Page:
As momentum shifts go, that one was seismic. Delcarmen got the final out, leaving the distinct impression that it was a matter of guessing who would come to the rescue in the bottom of the ninth. It was Lowrie, but Jason Bay set him up perfectly with his one-out ground-rule double past a diving Willits in right. He slid safely home for the winning run and the celebration was on, the flight delayed.
And Tampa Bay likely will prove tougher to overcome than the Angels, who fell to the Red Sox for the third time in a row in a Division Series.
Nation Notes: The pain was too much for Mike Lowell. Having him attempt to play was too painful and too damaging for the Red Sox. So after a consultation with doctors on the torn labrum in Lowell’s right hip yesterday, the third baseman was removed from the American League Division Series roster. That move likely (though not certainly) signals the end of the season for the third baseman, who will head into the offseason bound for surgery. Because he was taken off the roster in the middle of the series, Lowell will also not be available for the AL Championship Series, but he could be added to the World Series roster if he were to recover in time. That seems unlikely at this point, though. Lowell was replaced with infielder Gil Velazquez, 28, who had spent 11 years in the minor leagues before finally making his major league debut in September.
It’s still code red for the Angels, but they lived to play another night, after inching by the Red Sox in 12 innings, 5-4, in Game 3 of the Division Series last night at Fenway Park.
Erick Aybar’s RBI single off of Javier Lopez was the fatal blow as Los Angeles snapped the Red Sox’ record 11-game postseason winning streak against the Angels and closed the series deficit to 2-1. The Sox still are one win away from advancing to the ALCS against either the Tampa Bay Rays or Chicago White Sox, but if they lose tonight, the series shifts back to Anaheim, Calif., for a decisive Game 5 on Wednesday night.
The Red Sox had, then wasted, their late chances. They had two on with one out and the bases loaded with two outs in the 10th against Angels closer Francisco Rodriguez, but the threat ended with a Jed Lowrie flyout to right. Coco Crisp reached second base in the 11th with a single and a stolen base, but Pedroia stranded him there with a groundout. And in the 12th, David Ortiz drew a leadoff walk, but Kevin Youkilis (fly ball to center), Jason Bay (strikeout) and Alex Cora (hard groundout to third) failed to get him in. Jered Weaver tossed two scoreless innings of relief to earn the win.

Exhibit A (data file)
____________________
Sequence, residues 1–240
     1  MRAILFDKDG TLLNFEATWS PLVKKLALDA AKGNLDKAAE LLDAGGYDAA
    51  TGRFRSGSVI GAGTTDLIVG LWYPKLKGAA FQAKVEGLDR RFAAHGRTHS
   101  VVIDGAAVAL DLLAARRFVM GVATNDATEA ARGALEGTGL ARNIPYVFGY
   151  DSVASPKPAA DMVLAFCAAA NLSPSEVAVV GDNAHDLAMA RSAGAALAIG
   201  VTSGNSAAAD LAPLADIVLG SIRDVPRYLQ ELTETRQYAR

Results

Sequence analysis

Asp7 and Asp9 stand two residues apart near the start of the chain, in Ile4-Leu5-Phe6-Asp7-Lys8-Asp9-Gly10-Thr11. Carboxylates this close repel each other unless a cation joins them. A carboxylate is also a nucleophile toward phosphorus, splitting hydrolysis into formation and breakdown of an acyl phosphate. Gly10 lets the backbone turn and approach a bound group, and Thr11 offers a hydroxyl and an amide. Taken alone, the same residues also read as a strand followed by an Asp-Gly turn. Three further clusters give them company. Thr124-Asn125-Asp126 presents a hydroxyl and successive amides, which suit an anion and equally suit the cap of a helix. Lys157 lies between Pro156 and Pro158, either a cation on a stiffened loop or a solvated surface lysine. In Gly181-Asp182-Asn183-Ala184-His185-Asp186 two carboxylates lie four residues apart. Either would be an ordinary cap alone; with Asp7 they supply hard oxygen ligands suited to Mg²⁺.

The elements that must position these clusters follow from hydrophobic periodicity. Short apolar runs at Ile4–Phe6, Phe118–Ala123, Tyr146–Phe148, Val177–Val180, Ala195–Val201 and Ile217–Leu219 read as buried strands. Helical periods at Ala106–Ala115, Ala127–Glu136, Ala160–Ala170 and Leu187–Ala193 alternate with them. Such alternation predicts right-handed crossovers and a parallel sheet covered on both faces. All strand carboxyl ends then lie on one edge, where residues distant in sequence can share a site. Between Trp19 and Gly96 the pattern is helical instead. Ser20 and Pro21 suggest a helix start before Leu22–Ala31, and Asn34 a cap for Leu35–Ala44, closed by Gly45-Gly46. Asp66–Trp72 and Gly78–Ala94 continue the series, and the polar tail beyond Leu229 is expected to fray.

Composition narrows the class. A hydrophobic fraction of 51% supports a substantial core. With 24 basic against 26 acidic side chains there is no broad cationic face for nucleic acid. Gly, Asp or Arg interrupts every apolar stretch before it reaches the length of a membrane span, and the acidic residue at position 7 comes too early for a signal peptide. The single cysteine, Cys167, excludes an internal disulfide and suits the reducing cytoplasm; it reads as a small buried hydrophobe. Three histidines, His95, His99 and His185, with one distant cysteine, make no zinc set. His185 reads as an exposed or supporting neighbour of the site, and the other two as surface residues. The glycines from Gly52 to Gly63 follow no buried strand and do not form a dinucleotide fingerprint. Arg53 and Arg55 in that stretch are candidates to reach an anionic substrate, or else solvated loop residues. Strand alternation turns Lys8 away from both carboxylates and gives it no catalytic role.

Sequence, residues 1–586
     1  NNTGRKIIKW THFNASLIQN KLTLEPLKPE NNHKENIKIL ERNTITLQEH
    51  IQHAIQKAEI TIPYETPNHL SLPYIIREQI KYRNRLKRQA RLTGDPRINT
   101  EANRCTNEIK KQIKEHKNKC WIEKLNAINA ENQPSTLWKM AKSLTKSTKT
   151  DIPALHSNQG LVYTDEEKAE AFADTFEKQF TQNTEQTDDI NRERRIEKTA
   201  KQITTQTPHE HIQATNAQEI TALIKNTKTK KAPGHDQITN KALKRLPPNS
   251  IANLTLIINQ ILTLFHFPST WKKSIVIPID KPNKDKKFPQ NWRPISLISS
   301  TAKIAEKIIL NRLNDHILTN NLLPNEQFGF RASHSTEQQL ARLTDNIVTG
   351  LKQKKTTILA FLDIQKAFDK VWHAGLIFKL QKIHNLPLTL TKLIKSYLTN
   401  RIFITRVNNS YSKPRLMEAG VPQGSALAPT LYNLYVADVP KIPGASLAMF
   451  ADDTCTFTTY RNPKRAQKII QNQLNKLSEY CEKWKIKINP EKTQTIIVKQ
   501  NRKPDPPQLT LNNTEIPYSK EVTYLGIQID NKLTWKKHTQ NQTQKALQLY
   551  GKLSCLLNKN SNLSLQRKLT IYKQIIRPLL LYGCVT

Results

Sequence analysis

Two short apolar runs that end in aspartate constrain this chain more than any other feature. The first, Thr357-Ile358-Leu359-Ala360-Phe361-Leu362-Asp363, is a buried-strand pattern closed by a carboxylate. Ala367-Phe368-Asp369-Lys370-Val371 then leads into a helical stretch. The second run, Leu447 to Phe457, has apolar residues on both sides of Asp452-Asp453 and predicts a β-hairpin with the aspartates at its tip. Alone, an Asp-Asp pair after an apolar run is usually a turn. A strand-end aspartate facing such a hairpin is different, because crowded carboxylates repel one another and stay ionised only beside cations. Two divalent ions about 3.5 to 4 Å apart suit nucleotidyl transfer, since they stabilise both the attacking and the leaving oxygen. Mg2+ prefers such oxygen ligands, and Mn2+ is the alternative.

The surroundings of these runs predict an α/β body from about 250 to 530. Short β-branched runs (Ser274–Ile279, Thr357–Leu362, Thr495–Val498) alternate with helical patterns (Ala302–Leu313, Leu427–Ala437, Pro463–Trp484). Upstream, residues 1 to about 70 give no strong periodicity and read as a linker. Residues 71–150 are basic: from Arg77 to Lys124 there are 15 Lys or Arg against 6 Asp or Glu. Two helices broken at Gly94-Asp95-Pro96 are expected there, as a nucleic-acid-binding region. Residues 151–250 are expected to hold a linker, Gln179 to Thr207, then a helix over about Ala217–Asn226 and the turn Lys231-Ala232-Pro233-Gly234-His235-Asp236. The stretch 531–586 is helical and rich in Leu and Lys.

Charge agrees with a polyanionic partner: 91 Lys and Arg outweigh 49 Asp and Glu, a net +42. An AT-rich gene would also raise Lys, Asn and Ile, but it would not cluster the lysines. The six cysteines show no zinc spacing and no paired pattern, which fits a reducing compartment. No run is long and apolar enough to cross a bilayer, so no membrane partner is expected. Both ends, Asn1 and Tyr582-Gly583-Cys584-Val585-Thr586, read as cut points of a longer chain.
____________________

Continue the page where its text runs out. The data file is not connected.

Prior to the 12th, the Sox bullpen pitched six scoreless innings, salvaging an off night for starter Josh Beckett, who gave up four runs on nine hits in five difficult frames. Beckett was a shell of his 2007 October self in his 2008 postseason debut. His outing was the shortest of his postseason career, and he gave up more hits than he has in any playoff game. Beckett needed 30 pitches to get through the first inning, allowing one run. The big damage came on a pair of home runs by Mike Napoli, whose two-run blast in the third tied the game at 3. His solo shot in the fifth put the Angels ahead, 4-3.
The Red Sox did tie the game in the fifth, when Youkilis doubled in Jacoby Ellsbury (double). One walk later, Angels starter Joe Saunders was out of the game. He lasted just 4 2/3 innings, allowing four runs and four walks just like his counterpart.
In the end, the Angels got a second life in their final chance. Tonight, they can put the pressure on the Sox, who do not want to go back to the West Coast. Game 1 starters Jon Lester and John Lackey will square off again tonight.